I went with Ed Sheeran cos he was a big red fella – Mini goats named after musos bleat their way to ag shows

Rochelle Deenen with her Pygmy goats. Photo: Contributed

Chloe Stubbings

In green fields of manicured grass Rochelle Deenen’s Pygmy goats bleat through the fence. Some of the goats at Little Rock stud at Bonalbo aren’t happy with the partners Rochelle has chosen in her matchmaking and are eyeing off the neighbour’s goats.

Their singing creates an almost constant clamour, even in the middle of the night. Rochelle confirms this with a yawn. She introduces the goats – meet Mr Bojangles, Macy Gray and Eskimo Joe.

Rochelle explains that many Pygmy goat breeders pick a theme and name the kids accordingly.

“Our first buck that we named, I had to go with Ed Sheeran because he was a big red fella,” she said.  And so she has stuck with a musical theme, naming each new kid after a singer or song.

What sparked her love for these tiny singing creatures?

They’re not only cute but Rochelle’s goats are winners. Photo: Contributed

“I’ve always had goats. I grew up with a Saanen buck, when I was a kid, and we had a couple of dairy wethers here,” Rochelle said.

But when the property she moved to was too small to keep the traditional large breeds of goat, she went on a quest to find a smaller alternative.

With the decision made on size, Rochelle had to choose a breed. After narrowing it down to either Pygmy goats or Nigerian Dwarf goats, she picked the Pygmys.

“I like the look of them, with their small, cobby look,” Rochelle said.

While the coat colours varies, each goat shares the same short and stocky build, even the five month old doelings. Rochelle said it wasn’t just their adorable body structure that make them great pets.

“They are probably the best when it comes to not wanting to jump fences. They are a bit more manageable,” she said.

Rochelle also advocates for goats because of their superior temperament. As a breed they are known for having easy personalities. A characteristic she ensures is bred into each of the kids.

But Rochelle’s goats aren’t just pets. These Pygmy goats are bred and trained for showing. And under Rochelle’s care and guidance, they do so successfully.

“We started shows about three and a half years ago,” Rochelle said.

Rochelle Deenen loves her goats. Photo: Chloe Stubbings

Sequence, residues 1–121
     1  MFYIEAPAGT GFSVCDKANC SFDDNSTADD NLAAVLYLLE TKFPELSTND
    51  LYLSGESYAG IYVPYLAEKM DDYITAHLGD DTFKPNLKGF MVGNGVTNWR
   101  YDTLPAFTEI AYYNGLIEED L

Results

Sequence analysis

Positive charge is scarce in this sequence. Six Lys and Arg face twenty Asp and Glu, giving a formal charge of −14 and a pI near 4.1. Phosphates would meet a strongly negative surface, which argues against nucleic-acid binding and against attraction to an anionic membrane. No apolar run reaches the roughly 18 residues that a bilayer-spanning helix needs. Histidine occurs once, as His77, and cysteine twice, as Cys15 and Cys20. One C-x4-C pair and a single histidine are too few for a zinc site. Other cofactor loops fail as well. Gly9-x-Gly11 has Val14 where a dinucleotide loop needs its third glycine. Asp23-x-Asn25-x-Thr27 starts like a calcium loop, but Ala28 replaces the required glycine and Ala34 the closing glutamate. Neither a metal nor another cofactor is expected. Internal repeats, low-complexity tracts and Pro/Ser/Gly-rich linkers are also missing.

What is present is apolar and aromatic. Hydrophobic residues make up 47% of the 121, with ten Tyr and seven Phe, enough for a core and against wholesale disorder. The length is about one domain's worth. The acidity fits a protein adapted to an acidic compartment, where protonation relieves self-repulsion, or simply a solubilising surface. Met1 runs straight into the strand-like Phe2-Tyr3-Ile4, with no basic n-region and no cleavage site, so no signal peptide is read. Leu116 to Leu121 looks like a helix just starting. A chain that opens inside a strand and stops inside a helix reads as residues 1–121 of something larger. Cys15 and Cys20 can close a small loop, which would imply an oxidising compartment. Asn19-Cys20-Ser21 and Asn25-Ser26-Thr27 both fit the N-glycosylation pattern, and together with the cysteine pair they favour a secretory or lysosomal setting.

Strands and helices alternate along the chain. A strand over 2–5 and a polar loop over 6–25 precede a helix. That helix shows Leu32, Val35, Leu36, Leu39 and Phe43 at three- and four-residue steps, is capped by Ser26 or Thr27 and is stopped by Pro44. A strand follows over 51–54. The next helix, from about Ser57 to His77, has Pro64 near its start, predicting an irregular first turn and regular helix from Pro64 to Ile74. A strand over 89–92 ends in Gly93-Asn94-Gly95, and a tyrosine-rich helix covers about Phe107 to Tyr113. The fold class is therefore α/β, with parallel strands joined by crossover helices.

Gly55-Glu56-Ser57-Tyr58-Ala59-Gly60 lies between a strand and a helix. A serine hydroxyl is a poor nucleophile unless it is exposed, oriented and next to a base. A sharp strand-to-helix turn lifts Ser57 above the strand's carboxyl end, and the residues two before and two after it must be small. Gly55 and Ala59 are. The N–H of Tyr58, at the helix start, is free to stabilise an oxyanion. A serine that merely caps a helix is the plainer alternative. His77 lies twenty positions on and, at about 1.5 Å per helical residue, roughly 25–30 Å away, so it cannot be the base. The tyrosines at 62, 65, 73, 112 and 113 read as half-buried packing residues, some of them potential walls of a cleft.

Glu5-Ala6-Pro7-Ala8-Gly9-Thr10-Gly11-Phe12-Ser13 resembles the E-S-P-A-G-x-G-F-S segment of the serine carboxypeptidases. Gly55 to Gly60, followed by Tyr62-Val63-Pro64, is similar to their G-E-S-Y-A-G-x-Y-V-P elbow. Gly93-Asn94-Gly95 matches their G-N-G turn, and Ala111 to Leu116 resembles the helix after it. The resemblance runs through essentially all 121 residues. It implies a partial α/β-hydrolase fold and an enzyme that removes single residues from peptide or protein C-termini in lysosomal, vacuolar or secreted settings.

She began showing only months after buying her first few Pygmys. Not long after her purchase of a few does, she found a buck that was not only perfect for her girls but was also eligible to show. So, Rochelle took a chance and took him to a show in Queensland.

“After our first show that was it, we were hooked,” she said.

But traveling to shows in Queensland, even from Northern NSW, puts a lot of stress on the goats and the breeder. The long travel and the preparation to being show-ready wore on the goats and Rochelle. Not to mention the worry Rochelle had for the goats she had to leave at home.

So, she decided to do something about it by joining the Australian All Breeds of Miniature Goat & Sheep Society.

“I joined the committee and became show manager and I’ve managed to get quite a few shows happening,” Rochelle said.

As the show manager and state representative, she is dedicated to the representation of miniature breeds in agricultural shows.

Her push for inclusion has prompted miniature sheep and goat classes at several local ag shows including Bonalbo, Woodenbong, Casino, Lismore, Grafton and Tenterfield.

Rochelle is hoping to add more locations in the coming years.

Rochelle also partnered with the goat stewardess of the Tamworth show to open up miniature breed classes.

Stud participation has almost doubled in the local ag shows, Rochelle explains.

Show ribbons for Rochelle Deenen’s goats. Photo: Chloe Stubbings

“It does make it hard if they do have a show on at the same time in Queensland,” she said.

With breeders more likely to enter the more established Queensland shows, it drives down the attendance. But several Queensland studs have ventured across the border to the shows Rochelle has partnered with, helping to establish a tradition she hopes will continue for many years.

One of the more ingenious shows Rochelle has helped organise is the miniature sheep and goat state of origin. NSW studs pit their prized animals against those of the Queensland breeders.

“Our first show was last year, which we had at Woodenbong. This year we will have it in Queensland,” Rochelle said.

She has high hopes that this year NSW will be the victors as more NSW miniature studs emerge.

If you’d like to see Rochelle’s Pygmy goats and their awards you can find her on Facebook at Little Rock Pygmy Goats and if you’d like to learn more about showing miniature goats check out the Australian All Breeds of Miniature Goat & Sheep Society.

About Chloe Stubbings

Chloe recently graduated from Curtin University with a creative writing degree. She has lived in the northern rivers region since childhood. She currently lives on a hobby farm with a medley of pets. 

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